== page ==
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Covid-19

Mental Health Challenges for Bangladesh Migrant Workers during the Pandemic

Wednesday, July 20, 2022

The unprecedented Covid-19 crisis disrupted economic activity in all countries and affected all citizens including migrant workers. The coronavirus outbreak caused multi-dimensional difficulties for migrant workers such as fear of being sent back, insufficient healthcare rights and benefits, family insolvency, fear of deportation, uncertainty about the future, and crowded accommodations that endangered their health. Mohammad Rezaul Karim of the Bangladesh Public Administration Training Centre examines the effects of pandemic on the mental health of migrant workers from Bangladesh.

Mental Health Challenges for Bangladesh Migrant Workers during the Pandemic

Still seeking work and opportunity: Migrant workers at Dhaka airport in line for a pre-departure Covid-19 test, October 2021 (Credit: Mamunur Rashid / Shutterstock.com)

Labor-intensive development activities in many parts of the world (e.g., the Middle East, Malaysia, Singapore and South Korea) as well as aging populations in many developed countries (e.g., Italy and Japan) have stimulated a demand for migrant workers that has underpinned sustainable economic growth. In the midst of the Covid-19 crisis, the need for migrant workers has not lessened; rather, the contributions of these workers have become of even more vital, especially if economies are to get through the lingering pandemic and recover.

The remarkable economic contributions of migrant workers are not limited to only their home countries but also strengthen the host countries by allowing them to meet the challenges of labor shortages and higher aggregate production with cheaper migrant labor from developing countries. For instance, some 13 million Bangladeshi migrant workers engaged in more than 100 countries contribute US$15 billion to Bangladesh’s economy every year. Approximately 30 million family members depend on their income. 

Building other people's economies – and their own, too: Some 13 million Bangladeshi migrant workers contribute US$15 billion to their country’s economy every year, with about 30 million family members depending on that income (Credit: Apex Image/ILO)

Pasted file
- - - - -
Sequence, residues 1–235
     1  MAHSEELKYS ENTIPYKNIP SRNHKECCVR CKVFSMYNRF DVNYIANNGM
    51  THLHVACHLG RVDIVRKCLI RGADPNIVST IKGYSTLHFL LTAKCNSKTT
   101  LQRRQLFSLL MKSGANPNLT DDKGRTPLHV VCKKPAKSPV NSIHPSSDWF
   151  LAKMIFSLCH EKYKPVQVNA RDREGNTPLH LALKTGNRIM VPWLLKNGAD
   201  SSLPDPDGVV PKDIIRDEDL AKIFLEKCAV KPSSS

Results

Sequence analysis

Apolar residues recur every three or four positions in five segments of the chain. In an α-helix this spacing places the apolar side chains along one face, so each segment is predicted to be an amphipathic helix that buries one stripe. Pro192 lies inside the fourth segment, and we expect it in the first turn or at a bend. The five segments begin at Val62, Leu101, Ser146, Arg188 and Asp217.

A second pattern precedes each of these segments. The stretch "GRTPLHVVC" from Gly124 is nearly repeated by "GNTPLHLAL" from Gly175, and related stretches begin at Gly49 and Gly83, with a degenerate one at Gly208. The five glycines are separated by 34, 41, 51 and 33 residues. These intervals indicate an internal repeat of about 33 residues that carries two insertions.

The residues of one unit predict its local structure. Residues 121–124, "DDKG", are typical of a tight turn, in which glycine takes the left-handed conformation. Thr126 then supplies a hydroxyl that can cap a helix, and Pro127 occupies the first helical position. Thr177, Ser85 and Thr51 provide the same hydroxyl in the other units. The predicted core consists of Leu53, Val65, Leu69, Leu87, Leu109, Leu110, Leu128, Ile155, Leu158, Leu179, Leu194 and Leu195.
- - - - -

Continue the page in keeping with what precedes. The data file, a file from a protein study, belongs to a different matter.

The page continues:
Building other people's economies – and their own, too: Some 13 million Bangladeshi migrant workers contribute US$15 billion to their country’s economy every year, with about 30 million family members depending on that income (Credit: Apex Image/ILO)

Pandemic stress and anguish on top of everyday hardship

The unprecedented Covid-19 crisis has disrupted economic activity in both host and home countries. The coronavirus outbreak caused many difficulties for Bangladeshi migrant workers such as fear of being sent back, insufficient healthcare rights and benefits, family insolvency, inability to repay loans, fear of deportation, uncertainty about the future, and crowded accommodations that endanger their health. Even in normal situations, Bangladeshi migrant workers experience mental disorders such as depression, high workload, poor accommodations, and the stress of being away from family members. The intensity of their already precarious situation was accelerated by the ripple effects of the pandemic. In the same way that Covid-19 has adverse physical health-related effects, it can also cause prolonged psychological problems including depression, mental illness, fear and panic.

Sudden loss of income has exacerbated family hardship. This situation produces tension for both remittance senders abroad and dependents at home. Remittance-dependent family members have abruptly had to deal with various issues such as difficulties in meeting their food needs, threats to their health, and lack of money to pay for their children’s education and other expenses. Research shows that 60 percent of family members who completely depend on remittances for their daily expenses and 70 percent of workers are suffering a financial crisis. The pandemic has worsened their vulnerabilities.

Precarious working environments including unhealthy accommodations have become an urgent issue of public health. Crowded accommodations shared by many migrant workers are a main cause of the spread of coronavirus among them because it is impossible to maintain minimum physical distancing. They also share kitchens, dining areas, common spaces, and personal belongings; one filthy room may house more than 80 people. The cramped and unsanitary environment escalates Covid-19 infections among dormitory dwellers, outbreaks trigger fear of higher infection rates, and restrictions generate stress that compromises mental health.

Bangladeshi migrant workers detained by inspectors at a Kuala Lumpur worksite, Jan 2020: Due to their precarious conditions, workers’ vulnerabilities must be addressed to keep them healthy physically and mentally (Credit: Hafiz Johari / Shutterstock.com)